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Smart Voter
Los Angeles County, CA March 8, 2005 Election
Measure RedondoBeach---G
Transient Occupancy Tax
City of Redondo Beach

1,787 / 56.2% Yes votes ...... 1394 / 43.8% No votes

See Also: Index of all Measures

Information shown below: Impartial Analysis | Arguments |

Shall an Ordinance amending Section 8-2.03 of the Redondo Beach Municipal Code to authorize increasing the transient occupancy tax charged to guests by hotel operators from the current ten percent (10%) to an amount not to exceed twelve percent (12%) of the rent charged by the operators effective July 1, 2005, be adopted

Impartial Analysis from Jerry Goddard, City Attorney
The City of Redondo Beach's ordinance currently authorizes the City to impose a transient occupancy tax on hotel guests, which is collected and remitted to the City by hotel operators, in the amount of ten percent (10%) of the rent charged by the hotel operator to the hotel guest.

Proposition G, if adopted, would amend the City's ordinance to authorize the City to increase the transient occupancy tax to not more than twelve percent (12%) of the rent charged by hotel operators to hotel guests.

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Arguments For Measure RedondoBeach---G Arguments Against Measure RedondoBeach---G
Redondo Beach enjoys a reputation of maintaining quality infrastructure and services.

Doing so is challenging during times of reduced revenues. Like all cities in California, Redondo Beach’s budget has suffered as the State has taken our revenues to balance the State budget. These State take-aways have caused the City to reduce staffing levels and cut other costs. In an effort to not reduce services to the citizens of Redondo Beach our fee and tax structure has been revie wed to make sure it covers the cost of the service provided and is competitive with our neighboring cities.

One tax reviewed is the Transient Occupancy Tax (TOT) collected by hotels from hotel guests. The current maximum TOT is 10%, which is well below average for our region. It has been over a decade since the TOT has been changed.

The proposed maximum of 12% TOT has been discussed with the City’s hotel industry and with the Redondo Beach Chamber of Commerce and Visitors Bureau. They support an increase up to 12%, which is still at the low end for the region. The chairs of these organizations have signed below.

The travel industry recognizes that the high level of services provided to our citizens and visitors makes Redondo Beach an attractive destination for tourists. The local tourism industry is important to the Redondo Beach economy and to the City’s General Fund. The increased revenues from the TOT, paid by hotel guests, will go into the General Fund to pay for City services such as streets, parks and public safety.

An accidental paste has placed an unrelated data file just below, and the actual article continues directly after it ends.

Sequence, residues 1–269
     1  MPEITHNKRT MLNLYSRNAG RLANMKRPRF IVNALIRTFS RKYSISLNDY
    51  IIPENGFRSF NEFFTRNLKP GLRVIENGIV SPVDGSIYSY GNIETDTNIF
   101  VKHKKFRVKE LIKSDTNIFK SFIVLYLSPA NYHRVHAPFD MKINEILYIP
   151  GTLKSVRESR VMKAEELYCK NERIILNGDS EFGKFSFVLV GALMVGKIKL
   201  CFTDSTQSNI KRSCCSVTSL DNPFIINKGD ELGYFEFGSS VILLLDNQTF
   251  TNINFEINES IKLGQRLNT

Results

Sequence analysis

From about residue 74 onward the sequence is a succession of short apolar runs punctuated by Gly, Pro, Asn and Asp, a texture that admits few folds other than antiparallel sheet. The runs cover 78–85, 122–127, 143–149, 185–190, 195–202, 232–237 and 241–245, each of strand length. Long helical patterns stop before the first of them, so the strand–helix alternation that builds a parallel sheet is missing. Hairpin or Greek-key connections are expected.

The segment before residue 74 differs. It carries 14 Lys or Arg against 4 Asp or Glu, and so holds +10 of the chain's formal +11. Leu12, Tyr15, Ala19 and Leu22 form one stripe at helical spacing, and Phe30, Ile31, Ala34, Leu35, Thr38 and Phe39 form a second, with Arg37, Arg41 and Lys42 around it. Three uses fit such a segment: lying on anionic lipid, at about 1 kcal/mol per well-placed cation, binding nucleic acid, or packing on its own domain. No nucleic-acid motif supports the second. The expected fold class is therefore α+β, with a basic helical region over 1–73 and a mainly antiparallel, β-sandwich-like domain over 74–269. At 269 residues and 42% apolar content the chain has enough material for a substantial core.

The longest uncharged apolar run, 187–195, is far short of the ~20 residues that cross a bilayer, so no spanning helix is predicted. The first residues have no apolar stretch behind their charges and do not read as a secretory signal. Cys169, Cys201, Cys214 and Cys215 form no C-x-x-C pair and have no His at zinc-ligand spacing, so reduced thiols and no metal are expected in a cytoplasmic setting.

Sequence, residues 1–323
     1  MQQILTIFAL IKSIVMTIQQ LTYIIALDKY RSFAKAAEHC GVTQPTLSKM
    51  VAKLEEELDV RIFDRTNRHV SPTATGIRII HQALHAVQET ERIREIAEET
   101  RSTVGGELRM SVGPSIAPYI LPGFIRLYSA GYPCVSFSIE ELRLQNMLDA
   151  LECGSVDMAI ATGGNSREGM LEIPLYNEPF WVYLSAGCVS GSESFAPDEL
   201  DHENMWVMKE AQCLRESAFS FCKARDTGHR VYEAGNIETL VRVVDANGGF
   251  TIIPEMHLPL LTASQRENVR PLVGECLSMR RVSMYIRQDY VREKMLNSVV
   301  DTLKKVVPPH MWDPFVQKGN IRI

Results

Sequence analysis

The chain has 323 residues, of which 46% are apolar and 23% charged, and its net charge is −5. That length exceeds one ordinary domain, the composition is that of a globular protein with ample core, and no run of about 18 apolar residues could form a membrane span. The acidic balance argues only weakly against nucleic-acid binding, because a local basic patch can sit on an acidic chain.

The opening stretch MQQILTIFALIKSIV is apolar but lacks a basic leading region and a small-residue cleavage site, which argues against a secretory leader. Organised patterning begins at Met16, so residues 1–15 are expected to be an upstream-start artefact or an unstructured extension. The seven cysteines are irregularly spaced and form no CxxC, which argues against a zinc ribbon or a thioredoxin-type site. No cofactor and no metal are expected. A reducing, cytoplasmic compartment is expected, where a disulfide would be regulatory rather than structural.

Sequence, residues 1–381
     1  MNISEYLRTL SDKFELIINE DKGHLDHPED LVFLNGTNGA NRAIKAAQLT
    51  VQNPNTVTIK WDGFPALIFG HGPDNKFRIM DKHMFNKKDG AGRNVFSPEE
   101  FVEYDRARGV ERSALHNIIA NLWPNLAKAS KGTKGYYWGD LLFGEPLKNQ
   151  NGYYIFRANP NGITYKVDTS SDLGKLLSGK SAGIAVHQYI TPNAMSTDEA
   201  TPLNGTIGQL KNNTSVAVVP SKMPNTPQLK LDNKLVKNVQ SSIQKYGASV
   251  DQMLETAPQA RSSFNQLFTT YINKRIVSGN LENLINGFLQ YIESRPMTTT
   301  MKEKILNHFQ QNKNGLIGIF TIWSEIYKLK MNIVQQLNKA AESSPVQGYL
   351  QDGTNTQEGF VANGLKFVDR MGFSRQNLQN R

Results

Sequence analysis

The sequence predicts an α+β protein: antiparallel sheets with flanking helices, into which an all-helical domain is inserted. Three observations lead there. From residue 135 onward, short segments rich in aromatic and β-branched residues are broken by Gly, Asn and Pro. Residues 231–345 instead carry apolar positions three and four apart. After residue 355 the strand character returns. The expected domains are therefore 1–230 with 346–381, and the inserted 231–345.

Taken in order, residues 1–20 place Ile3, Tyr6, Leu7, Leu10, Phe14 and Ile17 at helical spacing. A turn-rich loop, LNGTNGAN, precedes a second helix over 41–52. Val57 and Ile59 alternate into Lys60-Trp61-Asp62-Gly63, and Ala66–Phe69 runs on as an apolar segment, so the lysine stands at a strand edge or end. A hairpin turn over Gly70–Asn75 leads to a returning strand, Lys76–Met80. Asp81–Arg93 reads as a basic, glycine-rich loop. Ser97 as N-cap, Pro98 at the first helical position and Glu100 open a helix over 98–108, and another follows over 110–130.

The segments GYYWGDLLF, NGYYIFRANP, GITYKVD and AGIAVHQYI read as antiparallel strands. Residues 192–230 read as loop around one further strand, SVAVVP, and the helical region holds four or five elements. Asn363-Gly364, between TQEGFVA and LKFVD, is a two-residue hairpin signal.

Since the TOT is paid by visitors, we can make these improvements without cost to our citizens.

Help keep Redondo Beach a beautiful and safe place to live, work and visit.

Vote Yes on Measure G.

John Parsons
Redondo Beach City Councilman, District 5

John Parsons

Don Szerlip

Ann M. Garten

Huberth Escobar

Rebuttal to Arguments For
Supporters of higher taxes claim that revenue is needed because of state take-aways. However, this argument is not true. In the November general election, voters approved Proposition 1A for the protection of local government revenues.

Advocates of higher taxes also claim that revenue is needed to maintain services and infrastructure. This argument is misleading. Redondo Beach has revenue.

For FY03-04, the Financial Services staff projects a General Fund increase of 2 million or 4.3%. The Annual Report states that "assets of the city exceeded its liabilities by $146.5 million, and assets for business type activities exceeded liabilities by $56 million."

The proponents of raising taxes also argue that the city should increase taxes because other cities have higher taxes. However, the city's Comprehensive Annual Financial Report released in December 2004 states that "Redondo Beach is better off than most cities, experiencing growth in major revenue categories." Despite our increasing revenues and abundant assets, Redondo Beach has cut school programs and reduced staffing levels. At the same time, the city has increased subsidies to business organizations such as the Redondo Beach Chamber by 3.7%.